EDITORIAL: Zuma’s postcards from the fiscal edge
In Zuma’s wacky world, load-shedding is due to the fact that SA didn’t proceed with a nuclear deal that everyone knew was neither necessary nor cost-effective
It’s no tremendous revelation that during his nine years in office former president Jacob Zuma did not bother to acquaint himself with the nuts and bolts of economics or finance. But even within his own limitations, Zuma’s utterances last week about the mooted nuclear deal with Russia spoke of a peculiar detachment from common sense, a casual disdain for facts, and an antipathy towards expertise.
Take, for example, this gem of double-speak from his interview with a journalist in this media group: "Nuclear could solve our problems, once and for all. Now we are in deep [trouble], we are therefore increasing the debt of the country with no hope to bring it down."
In Zuma’s wacky world, load-shedding is due to the fact that SA didn’t proceed with a nuclear deal that everyone knew was neither necessary nor cost-effective. Perhaps the former president genuinely believed that nuclear power would have been available immediately — maybe flown over in barrels on an old Ilyushin from Lake Irkutsk — but the reality is, you wouldn’t have seen enough electricity from nuclear to power a lightbulb before 2023, at the earliest.
By then, the country would have been a fiscal basket case. The estimated R1.42-trillion price tag for nuclear would have led to a catastrophic ratings downgrades by all three ratings agencies to junk status (as it is, only Moody’s holds SA above investment grade). When Fitch downgraded SA to junk status in April 2017, it cited the fact that Eskom "could not absorb the nuclear programme with its current approved guarantees".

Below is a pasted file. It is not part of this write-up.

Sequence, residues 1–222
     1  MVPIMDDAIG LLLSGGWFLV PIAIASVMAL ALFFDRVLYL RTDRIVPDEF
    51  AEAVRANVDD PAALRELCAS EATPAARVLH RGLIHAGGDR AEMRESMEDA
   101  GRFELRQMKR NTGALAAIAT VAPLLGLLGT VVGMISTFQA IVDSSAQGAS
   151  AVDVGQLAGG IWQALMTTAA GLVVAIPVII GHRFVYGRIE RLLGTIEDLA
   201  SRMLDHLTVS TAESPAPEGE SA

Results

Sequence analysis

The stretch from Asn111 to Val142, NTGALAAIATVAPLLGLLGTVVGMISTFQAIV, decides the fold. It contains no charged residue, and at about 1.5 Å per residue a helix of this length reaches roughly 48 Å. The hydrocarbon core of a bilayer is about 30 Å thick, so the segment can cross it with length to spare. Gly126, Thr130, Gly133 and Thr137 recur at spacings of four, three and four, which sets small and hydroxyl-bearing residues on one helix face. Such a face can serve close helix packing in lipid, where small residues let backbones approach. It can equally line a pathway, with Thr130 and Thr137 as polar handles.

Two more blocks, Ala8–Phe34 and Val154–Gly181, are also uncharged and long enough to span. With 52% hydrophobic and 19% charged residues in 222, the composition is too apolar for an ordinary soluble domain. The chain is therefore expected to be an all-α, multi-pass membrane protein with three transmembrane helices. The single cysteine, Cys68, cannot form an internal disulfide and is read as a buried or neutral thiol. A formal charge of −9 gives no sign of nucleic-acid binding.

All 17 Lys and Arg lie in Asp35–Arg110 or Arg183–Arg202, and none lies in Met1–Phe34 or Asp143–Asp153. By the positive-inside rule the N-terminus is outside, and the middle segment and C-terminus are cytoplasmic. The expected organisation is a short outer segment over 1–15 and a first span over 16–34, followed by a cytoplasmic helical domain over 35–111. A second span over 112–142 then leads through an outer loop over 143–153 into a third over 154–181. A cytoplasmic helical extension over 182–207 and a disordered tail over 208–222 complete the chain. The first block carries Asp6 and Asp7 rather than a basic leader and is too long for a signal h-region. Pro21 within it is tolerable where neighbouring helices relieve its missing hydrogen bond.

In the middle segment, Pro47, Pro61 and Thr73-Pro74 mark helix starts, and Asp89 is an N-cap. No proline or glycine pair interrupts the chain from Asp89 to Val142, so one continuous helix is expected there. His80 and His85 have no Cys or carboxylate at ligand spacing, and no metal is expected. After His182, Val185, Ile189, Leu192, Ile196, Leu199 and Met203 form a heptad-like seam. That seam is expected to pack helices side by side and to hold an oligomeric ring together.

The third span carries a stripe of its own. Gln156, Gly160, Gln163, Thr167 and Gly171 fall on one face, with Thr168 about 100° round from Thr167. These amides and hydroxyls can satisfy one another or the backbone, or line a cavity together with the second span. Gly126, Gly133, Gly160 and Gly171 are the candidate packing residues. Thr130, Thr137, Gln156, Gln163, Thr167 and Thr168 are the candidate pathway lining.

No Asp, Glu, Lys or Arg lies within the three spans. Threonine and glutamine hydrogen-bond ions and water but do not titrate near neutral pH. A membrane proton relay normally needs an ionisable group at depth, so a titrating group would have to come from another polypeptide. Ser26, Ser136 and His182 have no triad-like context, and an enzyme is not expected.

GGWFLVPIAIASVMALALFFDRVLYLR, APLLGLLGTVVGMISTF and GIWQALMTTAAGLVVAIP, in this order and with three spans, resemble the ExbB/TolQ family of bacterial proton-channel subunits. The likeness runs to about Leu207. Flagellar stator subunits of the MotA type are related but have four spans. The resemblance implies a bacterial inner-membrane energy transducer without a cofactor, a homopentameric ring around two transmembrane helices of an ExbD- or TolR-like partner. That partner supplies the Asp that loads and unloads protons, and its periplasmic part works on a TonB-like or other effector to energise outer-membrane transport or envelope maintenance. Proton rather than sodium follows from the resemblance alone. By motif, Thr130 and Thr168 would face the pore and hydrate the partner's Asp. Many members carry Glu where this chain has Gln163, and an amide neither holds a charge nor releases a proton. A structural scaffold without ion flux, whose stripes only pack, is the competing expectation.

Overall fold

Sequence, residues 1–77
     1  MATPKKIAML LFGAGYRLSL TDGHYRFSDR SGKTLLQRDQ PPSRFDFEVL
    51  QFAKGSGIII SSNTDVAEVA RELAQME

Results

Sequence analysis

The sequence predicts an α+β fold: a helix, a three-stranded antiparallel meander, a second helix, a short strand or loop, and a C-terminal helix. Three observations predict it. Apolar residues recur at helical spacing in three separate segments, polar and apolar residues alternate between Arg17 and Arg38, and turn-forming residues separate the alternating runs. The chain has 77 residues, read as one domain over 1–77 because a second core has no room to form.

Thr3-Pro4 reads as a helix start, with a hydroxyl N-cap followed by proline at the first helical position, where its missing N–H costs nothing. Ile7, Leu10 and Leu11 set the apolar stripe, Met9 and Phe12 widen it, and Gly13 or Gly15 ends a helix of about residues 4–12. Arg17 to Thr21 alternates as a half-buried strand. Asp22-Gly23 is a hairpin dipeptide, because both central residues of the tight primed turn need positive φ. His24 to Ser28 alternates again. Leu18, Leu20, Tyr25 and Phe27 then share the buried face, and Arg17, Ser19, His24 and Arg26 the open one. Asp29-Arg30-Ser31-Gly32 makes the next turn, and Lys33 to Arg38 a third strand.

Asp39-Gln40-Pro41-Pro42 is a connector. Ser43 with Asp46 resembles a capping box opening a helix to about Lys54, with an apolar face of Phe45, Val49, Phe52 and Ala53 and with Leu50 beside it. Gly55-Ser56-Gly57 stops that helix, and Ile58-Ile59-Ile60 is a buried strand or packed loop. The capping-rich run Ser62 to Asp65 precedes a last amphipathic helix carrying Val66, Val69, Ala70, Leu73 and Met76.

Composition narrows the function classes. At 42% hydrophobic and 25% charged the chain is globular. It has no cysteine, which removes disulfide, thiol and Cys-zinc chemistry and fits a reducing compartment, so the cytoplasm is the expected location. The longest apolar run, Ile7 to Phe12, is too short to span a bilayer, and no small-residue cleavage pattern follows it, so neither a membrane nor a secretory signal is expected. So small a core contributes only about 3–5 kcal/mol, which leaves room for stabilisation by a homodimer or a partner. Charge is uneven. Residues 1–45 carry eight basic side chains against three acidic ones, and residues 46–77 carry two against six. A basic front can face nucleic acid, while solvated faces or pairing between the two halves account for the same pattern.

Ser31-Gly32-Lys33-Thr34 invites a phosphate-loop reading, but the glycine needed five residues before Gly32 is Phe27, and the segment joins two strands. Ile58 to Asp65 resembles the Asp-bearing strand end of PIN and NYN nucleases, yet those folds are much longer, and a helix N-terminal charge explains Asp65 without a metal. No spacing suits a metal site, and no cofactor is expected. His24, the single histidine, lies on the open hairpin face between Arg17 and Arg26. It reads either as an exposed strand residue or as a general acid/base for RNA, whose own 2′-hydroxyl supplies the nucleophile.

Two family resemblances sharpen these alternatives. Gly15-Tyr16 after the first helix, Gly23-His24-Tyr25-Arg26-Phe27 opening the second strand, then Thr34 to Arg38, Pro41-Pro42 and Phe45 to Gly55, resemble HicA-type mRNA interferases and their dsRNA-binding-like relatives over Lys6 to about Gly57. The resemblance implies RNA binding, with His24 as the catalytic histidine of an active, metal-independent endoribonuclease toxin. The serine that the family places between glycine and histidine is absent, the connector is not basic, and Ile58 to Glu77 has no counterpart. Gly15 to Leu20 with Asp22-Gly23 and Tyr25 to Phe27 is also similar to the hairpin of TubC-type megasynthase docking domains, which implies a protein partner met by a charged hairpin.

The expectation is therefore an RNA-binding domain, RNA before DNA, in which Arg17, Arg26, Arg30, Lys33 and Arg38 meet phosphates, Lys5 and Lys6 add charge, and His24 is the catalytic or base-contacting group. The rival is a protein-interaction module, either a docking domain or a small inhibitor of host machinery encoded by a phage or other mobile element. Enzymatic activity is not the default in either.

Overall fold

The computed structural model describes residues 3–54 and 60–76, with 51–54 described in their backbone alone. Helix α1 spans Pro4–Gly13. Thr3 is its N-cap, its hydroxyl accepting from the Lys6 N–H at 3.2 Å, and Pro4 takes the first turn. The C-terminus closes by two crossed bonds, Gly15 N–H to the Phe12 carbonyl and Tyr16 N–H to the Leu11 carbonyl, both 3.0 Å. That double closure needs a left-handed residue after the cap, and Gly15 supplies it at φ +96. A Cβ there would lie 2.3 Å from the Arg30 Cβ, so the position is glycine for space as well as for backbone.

For this, of course, Zuma had an answer — as revealing as it was untethered to reality.
Asked what would happen had SA failed to pay the Russians for this nuclear work, Zuma said: "They would not come for us. They would understand … we know they will never sink us."
He then implies that the nuclear deal was a quid pro quo for the former Soviet Union’s support of the ANC during the years of apartheid. "The trust in Russia, who were people who looked after us and trained us, we knew exactly where they end in terms of saying: ‘We’ll die where you’ll be dying.’ I couldn’t, after freedom, forget that," he said.
This is a notable admission for various reasons. First, it shows crisply that the nuclear deal was not about energy security, but about politics, loyalty and nepotism. But then, Zuma’s allegiance was always to the party, not the country.
Second, Zuma displays a stunning naiveté about global markets, quite unfitting for the president of a modern nation. Does he really believe the mountains of contracts and the squadrons of lawyers are just there for show?
Does he honestly believe Russia would not follow the lead of China, which has no problem taking over state assets in lieu of a loan default?
As for Zuma’s notion that nuclear is the cheapest fuel, it goes against every expert opinion. As the Council for Scientific & Industrial Research put it: "Solar, wind and natural gas is the cheapest new-build mix for SA’s system."
And yet, Zuma thinks he has better information, based on what? Loony-tunes intelligence reports? Many people have struggled to grasp why Zuma installed craven lackeys with scant competence in key roles, which weakened the state and allowed the vultures to feast on the national coffers.
His comments this week provide some form of answer to that. This was a leader who had no idea what the stakes were and couldn’t care less about finding out. It illustrates, again, how distressingly close SA came to tumbling over the fiscal cliff, based on the casual whim of a political dilettante.